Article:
Nothing fascinating has happened today, but let me tell you about something that happened some days ago on my way to work.
I prefer taking the BRT buses these days, especially the new blue ones. They have that ‘abroad in Lagos’ experience. The red Lag buses have failed me more than once — developing an issue on the way, forcing passengers to find another bus. I usually opt for the red ones when the queue for the blue is unbearable; I’ve had to wait for 30-40 minutes sometimes for one to arrive. This was the case on this day, so I bought a ticket and got on the red Lag bus heading to the island.
The bus was somewhat empty, just about 5 people inside. I sat next to a lady seated on the window seat, earphones plugged in. While on the bus, we could see the queue for the blue buses just across us. The longer it took for our bus to get filled, the shorter the blue bus queue was getting. The lady beside me tapped me and asked, as she pointed across, “Sorry please, where is that blue bus going to?” I told her its destination was the same as our bus, and for the same price. She was surprised, then she continued listening to music. The few passengers on our bus grew impatient and started getting down to get another bus. I understood that they were probably more in a hurry than I was, so I wasn’t fazed by their exit The lady beside me joined them.
Few minutes later, our bus gradually getting filled up, I saw the lady walking up and down across. She seemed to have joined the wrong queue for the blue bus (there was another one for Oshodi). I shook my head and thought, if only she was patient enough, she’d be inside our bus which was about leaving. The bus left the park and I couldn’t stop thinking of this lady’s impatience. Patience is really a virtue, I thought.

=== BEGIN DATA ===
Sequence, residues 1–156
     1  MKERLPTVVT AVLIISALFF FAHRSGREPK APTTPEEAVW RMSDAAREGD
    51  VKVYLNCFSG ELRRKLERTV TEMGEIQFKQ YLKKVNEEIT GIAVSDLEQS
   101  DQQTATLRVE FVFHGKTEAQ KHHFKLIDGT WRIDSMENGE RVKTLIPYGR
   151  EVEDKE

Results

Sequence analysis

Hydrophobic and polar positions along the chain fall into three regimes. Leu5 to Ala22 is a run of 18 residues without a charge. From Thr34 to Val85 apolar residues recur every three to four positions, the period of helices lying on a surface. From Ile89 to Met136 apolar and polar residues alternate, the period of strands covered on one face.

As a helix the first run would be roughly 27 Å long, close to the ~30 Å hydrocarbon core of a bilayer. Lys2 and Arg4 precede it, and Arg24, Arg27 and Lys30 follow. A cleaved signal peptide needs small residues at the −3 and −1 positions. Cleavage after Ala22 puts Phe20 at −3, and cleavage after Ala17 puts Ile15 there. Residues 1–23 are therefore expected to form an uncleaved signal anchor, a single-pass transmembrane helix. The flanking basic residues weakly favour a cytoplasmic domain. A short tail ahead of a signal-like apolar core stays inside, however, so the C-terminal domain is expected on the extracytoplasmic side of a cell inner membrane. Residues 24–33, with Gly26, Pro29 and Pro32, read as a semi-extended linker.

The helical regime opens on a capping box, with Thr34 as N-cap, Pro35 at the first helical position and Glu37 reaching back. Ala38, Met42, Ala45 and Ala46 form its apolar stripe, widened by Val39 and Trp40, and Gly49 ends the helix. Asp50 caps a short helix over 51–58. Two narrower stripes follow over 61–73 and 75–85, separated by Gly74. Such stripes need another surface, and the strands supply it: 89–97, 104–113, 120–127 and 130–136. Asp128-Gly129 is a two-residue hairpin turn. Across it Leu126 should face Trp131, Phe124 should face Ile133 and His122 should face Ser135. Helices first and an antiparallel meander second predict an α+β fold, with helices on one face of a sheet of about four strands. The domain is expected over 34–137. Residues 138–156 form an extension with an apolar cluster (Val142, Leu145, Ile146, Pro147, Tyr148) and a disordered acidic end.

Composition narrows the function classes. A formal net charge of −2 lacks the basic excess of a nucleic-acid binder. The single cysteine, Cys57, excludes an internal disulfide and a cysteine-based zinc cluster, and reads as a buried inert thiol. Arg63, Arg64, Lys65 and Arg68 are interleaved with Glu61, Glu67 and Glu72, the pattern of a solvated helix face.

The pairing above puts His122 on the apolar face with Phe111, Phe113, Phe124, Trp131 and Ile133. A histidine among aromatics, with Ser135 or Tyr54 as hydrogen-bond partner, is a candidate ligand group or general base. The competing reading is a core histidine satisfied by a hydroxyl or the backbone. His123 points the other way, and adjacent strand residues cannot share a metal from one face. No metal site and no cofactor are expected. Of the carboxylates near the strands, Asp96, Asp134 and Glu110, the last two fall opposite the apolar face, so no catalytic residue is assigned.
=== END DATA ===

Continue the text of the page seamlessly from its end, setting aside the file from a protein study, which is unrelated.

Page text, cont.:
Ojota was unusually and unnecessarily traffic-laden that morning. As I began wondering what the cause of the traffic was, the bus stopped moving as we slowly approached Ogudu. The engine was on, but it just wasn’t moving. Clutch problem, the driver said. People started coming down, but I sat still, unfazed again, believing everything would be fine soon. About 20 minutes went by and still no solution. I finally got impatient and got down and walked to the nearest bus stop, looking back a few times to see if the bus had been worked on. While looking back, about four blue buses passed and an elderly woman said if she had known she’d have gone with the blue instead. I continued walking. I got to the bus stop and struggled my way into a danfo going to the island. I shook my head and watched some Netflix on my phone.
Thirty minutes later, I got down and was a bike away from my destination when it began to rain cats and dogs. I was beaten by the rain and got to work soaked. I narrated my morning to my colleagues as I settled in. As the ‘sorry ehn’ and ‘eyah’ followed my narration, I remembered the lady and wished I had followed her ‘impatient’ steps of leaving the red Lag bus.